• Project Diana display supplied by Mindy Rosewitz of the Fort Monmouth Museum
  • The ‘A Century of Physics’ poster display supplied by the American Physical Society
  • Historic Jersey Shore photos supplied by Milton Edelman

Members of the Wall High ROTC greet the public at the security gate. Thanks to the thirty-five cadets and Commander Nahari who helped during the day. The interior and part of the exterior of this building was painted by Amy, Dawn, and Gary Crawford.

Parking lot 1 was filled, the ROTC cadets directed traffic to a nearby over-flow lot.

Michael Ruane, Fort Monmouth Base Transition coordinator, loads the bus with another tour. At one point we had to give numbers out, so many people wanted to take Michael’s interesting 217 Acre tour. By the end of the day Michael had conducted continuous tours from 9am to 4pm. Thanks Michael.

While the bus was off on a tour the crowd gathers for the next one.

Our historian, Tim Donovan, begins one of the smaller tours of the 1914 Marconi Hotel. Some of the tours had over 50 people in one group. Tim was filmed by a Fort Monmouth film crew during this tour. We also gave tours of the 1942 radar laboratory. We had three simultaneous tours, all day.

The ‘library’ or building 9032 was filled with informational displays and experts to answer questions. The tall gold displays on the side wall were provided by the former inventors hall of fame from the U.S. Patient office. We selected Marconi, the transistor inventors, Alexander Graham Bell, and Edwin Armstrong. All persons who were directly connected with Camp Evans or their technology was improved by Camp Evans engineers. Some of the postcards displayed were views of Camp Evans during its Marconi Belmar High Power Station days. One was actually mailed on November 20, 1915, 84 years ago to the day.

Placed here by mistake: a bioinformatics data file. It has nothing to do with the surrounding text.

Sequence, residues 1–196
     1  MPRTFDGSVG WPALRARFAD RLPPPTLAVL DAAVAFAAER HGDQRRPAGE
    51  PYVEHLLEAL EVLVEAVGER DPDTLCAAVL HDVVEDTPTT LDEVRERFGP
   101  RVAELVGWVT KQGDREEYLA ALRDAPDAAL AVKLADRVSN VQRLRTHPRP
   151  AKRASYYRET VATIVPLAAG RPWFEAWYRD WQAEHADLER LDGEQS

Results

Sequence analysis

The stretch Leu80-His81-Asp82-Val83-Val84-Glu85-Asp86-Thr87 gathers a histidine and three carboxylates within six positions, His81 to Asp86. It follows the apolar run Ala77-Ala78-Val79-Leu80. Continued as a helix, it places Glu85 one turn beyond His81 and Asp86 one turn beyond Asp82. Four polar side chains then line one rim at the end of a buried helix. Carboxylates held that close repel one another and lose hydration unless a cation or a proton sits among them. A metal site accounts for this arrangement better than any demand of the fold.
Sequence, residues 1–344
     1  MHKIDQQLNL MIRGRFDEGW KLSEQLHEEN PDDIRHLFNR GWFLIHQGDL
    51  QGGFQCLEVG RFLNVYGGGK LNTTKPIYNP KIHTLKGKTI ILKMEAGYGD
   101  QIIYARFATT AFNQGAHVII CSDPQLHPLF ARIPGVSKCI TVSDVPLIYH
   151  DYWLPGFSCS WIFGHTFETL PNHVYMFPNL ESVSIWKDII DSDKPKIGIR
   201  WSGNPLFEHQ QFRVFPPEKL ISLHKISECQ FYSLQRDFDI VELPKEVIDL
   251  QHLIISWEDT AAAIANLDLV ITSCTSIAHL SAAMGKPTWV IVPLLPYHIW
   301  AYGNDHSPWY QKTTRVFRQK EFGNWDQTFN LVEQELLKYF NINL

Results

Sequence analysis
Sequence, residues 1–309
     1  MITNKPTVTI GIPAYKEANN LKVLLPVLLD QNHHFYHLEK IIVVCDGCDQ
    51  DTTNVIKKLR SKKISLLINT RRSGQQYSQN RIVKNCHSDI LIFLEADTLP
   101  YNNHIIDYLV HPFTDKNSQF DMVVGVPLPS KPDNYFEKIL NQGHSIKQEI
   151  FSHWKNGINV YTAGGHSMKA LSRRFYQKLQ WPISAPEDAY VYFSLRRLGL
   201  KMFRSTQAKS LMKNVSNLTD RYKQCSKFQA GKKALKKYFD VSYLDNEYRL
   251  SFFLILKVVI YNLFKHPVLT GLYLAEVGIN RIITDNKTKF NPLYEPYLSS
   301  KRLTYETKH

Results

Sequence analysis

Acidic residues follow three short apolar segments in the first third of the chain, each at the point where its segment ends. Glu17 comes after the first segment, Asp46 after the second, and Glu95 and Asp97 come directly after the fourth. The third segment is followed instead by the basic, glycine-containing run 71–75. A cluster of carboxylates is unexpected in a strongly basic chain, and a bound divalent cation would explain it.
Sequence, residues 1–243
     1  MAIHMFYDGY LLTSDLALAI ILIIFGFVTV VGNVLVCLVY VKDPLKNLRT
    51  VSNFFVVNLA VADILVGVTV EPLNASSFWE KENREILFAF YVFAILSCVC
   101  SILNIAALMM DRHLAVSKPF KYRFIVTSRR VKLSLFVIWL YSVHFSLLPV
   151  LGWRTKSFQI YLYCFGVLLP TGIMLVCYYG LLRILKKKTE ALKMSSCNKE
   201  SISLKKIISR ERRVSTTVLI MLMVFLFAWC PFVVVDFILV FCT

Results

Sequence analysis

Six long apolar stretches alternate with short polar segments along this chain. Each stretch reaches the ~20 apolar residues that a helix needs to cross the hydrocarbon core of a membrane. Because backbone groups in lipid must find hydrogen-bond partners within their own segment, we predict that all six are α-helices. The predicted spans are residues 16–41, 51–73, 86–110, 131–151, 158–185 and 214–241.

Our Project Diana corner featured the Fort Monmouth Museum’s – Project Diana site model, photos, and a 1946 recording of a WOR broadcast interview of the principle Project Diana engineers. Colonel John H. DeWitt Jr., was in charge of the project, they used a modified version of the SCR-271 early-warning radar used at Pearl Harbor


Thanks to…
Fort Monmouth for hosting the event. Mindy Rosewitz of the Fort Monmouth Museum. Charles Appleby, Michael Ruane, Henry Kearney, Larry Tormey, Wilma Morrissey, Bob McAllen, Jim Stigliano, John Cervini, Gayle Koepping, Bernie Riccardi, Ron Olaender, Bob Buus, Howard Fuhrmann, Glenn Wolfrom, Ray Chase, Jerry and Marcia Simkin, Bob Judge, Phil Vourtis, Marv Beeferman, Marty Friedman, Al Klase, Dane Snellman, Sal Brisindi, Claire French, Tim Donovan, Milton Edelman,
Commander Nahari of the Wall H.S. ROTC
Wall High ROTC cadets: Russell Scalley, Blake Fornaratto, Thomas Capaci, Derek Frabizio, Nikki McPhail, Ed Mikuszewski, Kyle Ward, Robert Nieratko, Rachael Clause, Erika Safran, Joe Pinto, Dave Ackerman, Frank Bennett, Kari Davis, Anthony Gallinari, April Hulsizer, Matt Pressey, George Sabol, Steve DeNoia, Mark Harris, Robert Harris, Dave Allmer, Kyle Petillo, John Calabrese, Kovas Juska & Robert O’Heney